Signs and Symptoms of Obstructive Sleep Apnea in Adults

An estimated 22 million Americans suffer from sleep apnea and a majority are undiagnosed.
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Common Signs of Sleep Apnea:

  • Trouble Focusing
  • Gasping for Air
  • Loud Snoring
  • Tired All Day

Read On For More Symptoms of Obstructive Sleep Apnea in Adults

An estimated 22 million Americans suffer from sleep apnea and a majority are undiagnosed. Sleep apnea left untreated has been linked to frequent headaches, an inability to concentrate, and daytime drowsiness. Long-term complications include increased risk for cardiovascular disease, diabetes, stroke, and even death. Here are some signs and symptoms of sleep apnea. If these sound familiar, it may be time to order a home sleep apnea test to confirm an obstructive sleep apnea (OSA) diagnosis.

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What is Sleep Apnea?

Sleep apnea is a sleep disorder in which a person’s breathing is repeatedly interrupted throughout the night. This occurs when the muscles in the throat relax and the airway narrows or collapses as they breathe in. When the person can’t get enough air, the blood oxygen level drops. The brain immediately jolts the body awake to reopen the airway. Sometimes this episode goes unnoticed and other times, it may cause the person to wake up gasping for air. In persons with sleep apnea, these apnea episodes can occur as many as 30 times per hour.

What Are The 3 Types of Sleep Apnea?

Obstructive Sleep Apnea

OSA is a disorder that occurs when the airway collapses during sleep. This interrupts normal breathing patterns, preventing oxygen from traveling to the brain or the lungs. The brain then sends signals to the body to wake up, often resulting in individuals gasping for air before falling asleep again.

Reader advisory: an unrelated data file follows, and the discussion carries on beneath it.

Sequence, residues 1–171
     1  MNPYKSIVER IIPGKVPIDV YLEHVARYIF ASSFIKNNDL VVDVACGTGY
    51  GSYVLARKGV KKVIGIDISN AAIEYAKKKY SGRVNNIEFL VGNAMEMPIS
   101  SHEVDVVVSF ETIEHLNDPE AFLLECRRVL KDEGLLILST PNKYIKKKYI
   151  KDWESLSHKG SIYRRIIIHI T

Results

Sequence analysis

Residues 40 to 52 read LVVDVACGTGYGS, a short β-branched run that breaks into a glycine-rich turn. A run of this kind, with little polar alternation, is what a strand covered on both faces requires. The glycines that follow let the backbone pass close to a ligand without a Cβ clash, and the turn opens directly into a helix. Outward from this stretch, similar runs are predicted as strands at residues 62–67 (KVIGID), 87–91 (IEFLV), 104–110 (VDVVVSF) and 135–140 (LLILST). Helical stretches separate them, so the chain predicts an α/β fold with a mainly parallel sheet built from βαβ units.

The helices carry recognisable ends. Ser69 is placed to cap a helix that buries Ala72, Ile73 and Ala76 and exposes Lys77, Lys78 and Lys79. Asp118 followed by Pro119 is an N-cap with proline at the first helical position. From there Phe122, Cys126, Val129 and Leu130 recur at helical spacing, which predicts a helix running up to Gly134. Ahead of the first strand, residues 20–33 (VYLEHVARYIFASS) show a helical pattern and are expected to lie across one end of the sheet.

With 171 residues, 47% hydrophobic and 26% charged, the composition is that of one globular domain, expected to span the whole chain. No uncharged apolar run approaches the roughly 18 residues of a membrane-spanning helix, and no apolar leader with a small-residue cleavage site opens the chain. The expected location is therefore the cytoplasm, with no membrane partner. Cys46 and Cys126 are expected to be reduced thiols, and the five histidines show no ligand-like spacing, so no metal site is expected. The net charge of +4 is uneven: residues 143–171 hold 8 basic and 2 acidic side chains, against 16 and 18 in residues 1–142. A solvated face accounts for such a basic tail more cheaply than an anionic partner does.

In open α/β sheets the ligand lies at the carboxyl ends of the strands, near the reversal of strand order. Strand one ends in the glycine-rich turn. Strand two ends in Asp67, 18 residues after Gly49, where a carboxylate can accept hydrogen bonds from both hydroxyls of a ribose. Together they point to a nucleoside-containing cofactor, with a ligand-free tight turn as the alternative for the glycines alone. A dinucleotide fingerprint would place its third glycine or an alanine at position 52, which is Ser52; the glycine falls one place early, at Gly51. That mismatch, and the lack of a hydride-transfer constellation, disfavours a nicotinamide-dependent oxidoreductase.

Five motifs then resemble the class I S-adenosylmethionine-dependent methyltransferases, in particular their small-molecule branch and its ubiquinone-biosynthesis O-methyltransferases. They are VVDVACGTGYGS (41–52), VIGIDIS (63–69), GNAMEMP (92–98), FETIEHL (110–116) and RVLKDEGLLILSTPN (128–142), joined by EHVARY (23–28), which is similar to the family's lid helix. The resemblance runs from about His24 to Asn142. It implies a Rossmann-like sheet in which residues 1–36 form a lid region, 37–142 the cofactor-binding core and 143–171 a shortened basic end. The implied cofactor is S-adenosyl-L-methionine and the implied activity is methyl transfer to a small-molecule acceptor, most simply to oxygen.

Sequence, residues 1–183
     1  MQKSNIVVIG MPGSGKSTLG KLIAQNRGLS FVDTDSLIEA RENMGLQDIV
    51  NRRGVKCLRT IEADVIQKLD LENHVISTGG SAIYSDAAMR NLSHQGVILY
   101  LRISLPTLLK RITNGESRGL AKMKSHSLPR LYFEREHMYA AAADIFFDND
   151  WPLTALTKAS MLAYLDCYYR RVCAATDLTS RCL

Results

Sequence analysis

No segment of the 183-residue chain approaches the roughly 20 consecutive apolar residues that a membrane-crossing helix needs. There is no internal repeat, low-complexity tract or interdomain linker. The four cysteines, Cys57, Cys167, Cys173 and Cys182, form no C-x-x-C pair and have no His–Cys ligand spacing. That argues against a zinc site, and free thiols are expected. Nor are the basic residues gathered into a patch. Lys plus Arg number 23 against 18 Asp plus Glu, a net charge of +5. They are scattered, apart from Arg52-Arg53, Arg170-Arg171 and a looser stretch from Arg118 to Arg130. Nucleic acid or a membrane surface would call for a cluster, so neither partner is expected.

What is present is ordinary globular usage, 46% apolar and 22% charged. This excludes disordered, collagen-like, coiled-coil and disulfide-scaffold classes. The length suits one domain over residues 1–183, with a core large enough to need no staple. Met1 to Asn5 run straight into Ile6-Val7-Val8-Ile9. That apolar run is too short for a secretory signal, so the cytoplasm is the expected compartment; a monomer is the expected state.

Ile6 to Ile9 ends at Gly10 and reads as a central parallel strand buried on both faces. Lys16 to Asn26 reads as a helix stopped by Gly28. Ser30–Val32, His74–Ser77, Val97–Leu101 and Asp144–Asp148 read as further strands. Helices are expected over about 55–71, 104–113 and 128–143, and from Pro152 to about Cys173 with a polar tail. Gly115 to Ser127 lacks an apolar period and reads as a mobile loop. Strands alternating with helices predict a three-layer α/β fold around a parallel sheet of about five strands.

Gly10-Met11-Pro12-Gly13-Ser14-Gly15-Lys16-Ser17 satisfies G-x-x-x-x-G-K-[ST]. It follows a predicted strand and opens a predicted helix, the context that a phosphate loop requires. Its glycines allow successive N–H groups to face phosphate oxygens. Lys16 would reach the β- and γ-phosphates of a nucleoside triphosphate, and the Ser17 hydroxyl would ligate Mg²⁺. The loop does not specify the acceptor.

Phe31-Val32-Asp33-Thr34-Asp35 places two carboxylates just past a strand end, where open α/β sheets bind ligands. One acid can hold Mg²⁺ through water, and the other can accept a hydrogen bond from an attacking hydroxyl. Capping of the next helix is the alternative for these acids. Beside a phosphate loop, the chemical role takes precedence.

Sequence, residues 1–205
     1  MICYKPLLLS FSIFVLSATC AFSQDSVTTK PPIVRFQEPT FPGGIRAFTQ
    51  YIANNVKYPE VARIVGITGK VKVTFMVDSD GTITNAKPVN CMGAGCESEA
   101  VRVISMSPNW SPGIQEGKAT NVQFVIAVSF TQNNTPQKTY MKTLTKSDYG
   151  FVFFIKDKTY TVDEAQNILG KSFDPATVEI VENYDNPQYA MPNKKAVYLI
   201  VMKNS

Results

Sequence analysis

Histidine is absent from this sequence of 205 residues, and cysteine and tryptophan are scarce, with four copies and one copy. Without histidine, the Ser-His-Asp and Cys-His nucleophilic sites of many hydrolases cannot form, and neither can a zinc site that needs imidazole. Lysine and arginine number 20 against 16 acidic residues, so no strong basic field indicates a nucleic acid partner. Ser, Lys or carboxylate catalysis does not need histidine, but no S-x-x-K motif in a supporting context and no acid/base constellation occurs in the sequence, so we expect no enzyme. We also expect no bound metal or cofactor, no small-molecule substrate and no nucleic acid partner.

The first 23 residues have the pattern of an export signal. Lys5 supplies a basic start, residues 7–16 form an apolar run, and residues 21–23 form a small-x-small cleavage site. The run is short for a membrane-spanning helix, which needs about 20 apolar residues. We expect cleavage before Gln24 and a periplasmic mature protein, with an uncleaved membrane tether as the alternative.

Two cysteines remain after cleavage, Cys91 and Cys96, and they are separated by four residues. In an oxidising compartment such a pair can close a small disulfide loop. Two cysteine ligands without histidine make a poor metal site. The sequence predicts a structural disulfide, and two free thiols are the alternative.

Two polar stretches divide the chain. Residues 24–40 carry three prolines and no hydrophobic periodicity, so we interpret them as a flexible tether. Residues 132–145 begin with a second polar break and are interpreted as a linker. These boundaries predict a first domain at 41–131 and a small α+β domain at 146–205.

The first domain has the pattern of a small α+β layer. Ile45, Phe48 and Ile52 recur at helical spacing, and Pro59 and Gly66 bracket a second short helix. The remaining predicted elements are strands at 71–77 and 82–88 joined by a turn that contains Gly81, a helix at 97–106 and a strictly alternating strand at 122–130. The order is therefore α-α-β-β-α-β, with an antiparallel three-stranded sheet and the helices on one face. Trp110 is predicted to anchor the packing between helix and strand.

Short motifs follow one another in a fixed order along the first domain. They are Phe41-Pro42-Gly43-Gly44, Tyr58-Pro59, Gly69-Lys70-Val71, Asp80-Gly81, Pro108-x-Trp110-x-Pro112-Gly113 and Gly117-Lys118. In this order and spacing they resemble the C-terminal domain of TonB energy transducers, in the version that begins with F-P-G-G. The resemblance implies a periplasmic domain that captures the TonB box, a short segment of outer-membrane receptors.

These apnea events can occur 30 times per hour or more in severe cases and can last as long as 10 seconds. Untreated sleep apnea has been linked to several short- and long-term health risks including cardiovascular disease, hypertension, stroke, obesity, and more.

Central Sleep Apnea

Central sleep apnea is a disorder in which regular breathing repeatedly stops and starts during sleep causing sleep loss. Unlike OSA, central sleep apnea begins in the brain rather than the airway.

Central sleep apnea occurs because your brain doesn’t send proper signals to the muscles that control your breathing. This condition is different from obstructive sleep apnea, in which you can’t breathe normally because of upper airway obstruction. Central sleep apnea is less common than obstructive sleep apnea.

Central sleep apnea can result from other conditions, such as heart failure and stroke. Another possible cause is sleeping at a high altitude.

Mixed Sleep Apnea

Mixed sleep apnea, the third type, is a combination of central and obstructive factors occurring in the same episode of sleep apnea. Brain-related and airway-related causes combine to make diagnosing the precise type of sleep apnea difficult. Episodes of mixed sleep apnea most often begin as obstructive apneas and are treated like obstructive apneas.

Some patients being treated for obstructive sleep apnea with the use of CPAP machines develop symptoms of central sleep apnea upon PAP therapy. During CPAP treatment for the patients believed to have OSA, the patient’s airways were successfully splinted open and free from obstructions, but the patient continued to have difficulty breathing while asleep, revealing mixed sleep apnea.

What Causes Obstructive Sleep Apnea?

In several cases, obstructive sleep apnea is most prominent in men over the age of 50 with a BMI score above 35 (clinically obese). Additionally, patients with a large neck circumference (16 inches) are at risk for sleep apnea. However, it is important to understand that anyone can be susceptible to obstructive sleep apnea. Learning the signs and symptoms of OSA is the first step in reaching a diagnosis.

Symptoms Of Sleep Apnea In Adults